Live Longer or Better? Cancer Patients Shouldn't Have to Choose

Betty R. Ferrell, PhD, RN


July 12, 2018

Palliative Care and End-of-Life Care: Not the Same

An enduring misconception about palliative care is that it is reserved for patients at the end of life. This misunderstanding continues to cause delays in the initiation of palliative care for an overlooked population with significant quality of life and symptom concerns—those enrolled in cancer clinical trials.

A recent qualitative study[1] contributes to understanding this barrier to care by interviewing professionals from multiple disciplines involved in the care of clinical trials patients. This study provides insight on the factors influencing the underutilization of palliative care for this patient population as well as possible solutions for improved care.

The investigators conducted qualitative semistructured interviews with 19 key clinicians involved in cancer clinical trials or palliative care; they included principal investigators, oncology fellows, research nurses, inpatient and outpatient nurses, spiritual care providers, and palliative care fellows. Participants were asked about the meaning of the term "palliative care," as well as their experiences with the delivery of palliative care in the clinical trial context. The interviews elicited four major themes:

  • The holistic nature of palliative care;

  • The importance of symptom care;

  • The conflict between palliative care and curative care; and

  • The conflation of palliative care and end-of-life care.

Three more key themes emerged about the delivery of palliative care: (1) dynamics among providers; (2) discussing palliative care with patients and families; and (3) the timing of palliative care delivery.


A sharp contrast divides the clinical needs of cancer patients participating in clinical trials and the care systems that have been designated to support them.[2,3,4] Patients enrolled in these trials, which are important to advance knowledge about treatment, typically have exhausted traditional therapies, have advanced disease, and are already experiencing significant symptoms. Yet, the continued focus of both patients and clinicians on disease-modifying treatment results in an avoidance of palliative care, despite the ever-growing evidence of its benefits.[5,6]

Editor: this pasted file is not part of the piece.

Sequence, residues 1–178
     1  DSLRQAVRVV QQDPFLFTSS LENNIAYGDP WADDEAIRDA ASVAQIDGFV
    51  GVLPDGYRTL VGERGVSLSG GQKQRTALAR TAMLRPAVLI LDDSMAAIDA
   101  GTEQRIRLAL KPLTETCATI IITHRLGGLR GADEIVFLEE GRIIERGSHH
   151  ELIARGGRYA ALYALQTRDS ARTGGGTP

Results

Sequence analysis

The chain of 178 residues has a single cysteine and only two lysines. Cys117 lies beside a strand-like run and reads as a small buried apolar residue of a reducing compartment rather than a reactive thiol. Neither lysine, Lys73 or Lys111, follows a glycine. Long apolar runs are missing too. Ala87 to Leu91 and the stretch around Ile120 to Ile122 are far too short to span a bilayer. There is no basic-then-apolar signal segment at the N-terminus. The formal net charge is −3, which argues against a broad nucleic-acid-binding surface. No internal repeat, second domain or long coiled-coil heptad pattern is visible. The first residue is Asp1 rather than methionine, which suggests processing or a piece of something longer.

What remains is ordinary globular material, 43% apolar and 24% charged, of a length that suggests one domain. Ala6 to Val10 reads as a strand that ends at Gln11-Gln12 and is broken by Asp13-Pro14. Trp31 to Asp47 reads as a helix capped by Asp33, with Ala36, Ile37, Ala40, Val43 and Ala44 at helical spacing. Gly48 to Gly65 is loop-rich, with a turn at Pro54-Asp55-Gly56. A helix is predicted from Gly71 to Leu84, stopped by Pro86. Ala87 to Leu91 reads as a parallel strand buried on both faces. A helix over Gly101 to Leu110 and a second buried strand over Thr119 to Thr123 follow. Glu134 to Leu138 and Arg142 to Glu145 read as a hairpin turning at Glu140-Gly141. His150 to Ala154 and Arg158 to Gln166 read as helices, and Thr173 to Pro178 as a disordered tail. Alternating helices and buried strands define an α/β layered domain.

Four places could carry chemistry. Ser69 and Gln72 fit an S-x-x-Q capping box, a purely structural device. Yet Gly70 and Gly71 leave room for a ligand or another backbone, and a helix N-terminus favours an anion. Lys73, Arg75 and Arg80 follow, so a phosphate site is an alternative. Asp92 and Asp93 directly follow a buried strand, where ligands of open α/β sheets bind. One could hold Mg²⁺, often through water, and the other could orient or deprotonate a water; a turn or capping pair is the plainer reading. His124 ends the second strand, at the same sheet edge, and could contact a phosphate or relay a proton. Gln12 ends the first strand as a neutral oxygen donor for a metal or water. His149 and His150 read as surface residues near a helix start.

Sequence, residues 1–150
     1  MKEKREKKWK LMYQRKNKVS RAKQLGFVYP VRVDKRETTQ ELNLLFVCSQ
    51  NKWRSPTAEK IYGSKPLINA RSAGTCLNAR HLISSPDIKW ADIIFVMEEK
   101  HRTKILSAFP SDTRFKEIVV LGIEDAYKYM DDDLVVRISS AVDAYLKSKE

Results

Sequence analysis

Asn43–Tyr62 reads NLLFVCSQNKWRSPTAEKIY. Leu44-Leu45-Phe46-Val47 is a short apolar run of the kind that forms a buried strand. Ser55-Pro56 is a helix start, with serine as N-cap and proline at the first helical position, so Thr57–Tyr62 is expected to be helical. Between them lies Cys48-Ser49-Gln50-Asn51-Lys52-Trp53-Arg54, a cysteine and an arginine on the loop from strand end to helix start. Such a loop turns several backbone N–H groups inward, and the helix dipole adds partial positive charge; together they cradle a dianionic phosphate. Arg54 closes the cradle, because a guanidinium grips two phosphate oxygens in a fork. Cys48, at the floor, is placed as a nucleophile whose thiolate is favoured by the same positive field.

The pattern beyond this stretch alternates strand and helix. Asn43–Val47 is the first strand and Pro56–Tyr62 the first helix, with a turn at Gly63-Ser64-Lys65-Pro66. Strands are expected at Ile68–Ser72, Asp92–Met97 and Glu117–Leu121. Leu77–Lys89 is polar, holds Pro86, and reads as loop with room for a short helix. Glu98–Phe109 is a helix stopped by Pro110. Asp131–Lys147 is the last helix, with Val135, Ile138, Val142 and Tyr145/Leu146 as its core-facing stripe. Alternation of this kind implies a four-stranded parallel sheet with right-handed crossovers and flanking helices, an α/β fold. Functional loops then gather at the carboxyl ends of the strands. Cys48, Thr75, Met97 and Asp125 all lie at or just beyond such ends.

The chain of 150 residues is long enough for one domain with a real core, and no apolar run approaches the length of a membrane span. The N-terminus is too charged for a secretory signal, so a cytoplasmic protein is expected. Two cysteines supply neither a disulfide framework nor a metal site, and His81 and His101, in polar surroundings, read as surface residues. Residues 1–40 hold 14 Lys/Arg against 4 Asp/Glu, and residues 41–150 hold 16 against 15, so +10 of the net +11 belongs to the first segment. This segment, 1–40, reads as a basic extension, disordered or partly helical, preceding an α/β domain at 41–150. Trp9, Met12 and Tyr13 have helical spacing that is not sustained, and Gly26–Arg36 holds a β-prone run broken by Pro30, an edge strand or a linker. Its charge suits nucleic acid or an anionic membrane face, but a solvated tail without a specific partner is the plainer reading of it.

The work of Mollica and colleagues[1] improves our understanding of this dichotomy. The interviews with clinicians highlight the unfortunate association between palliative care and end-of-life care, and the failure to initiate palliative care earlier to optimize care. The study findings advocate improved care delivery models in which palliative care becomes routinely integrated in cancer clinical trials.

This study adds to a growing voice articulating for the reform of cancer care systems, so that patients are not forced to choose between quality of life and extension of life. The American Society of Clinical Oncology[7] and other cancer organizations have made great strides in advancing palliative care. Cancer clinical trial participants should not be excluded from this progress.


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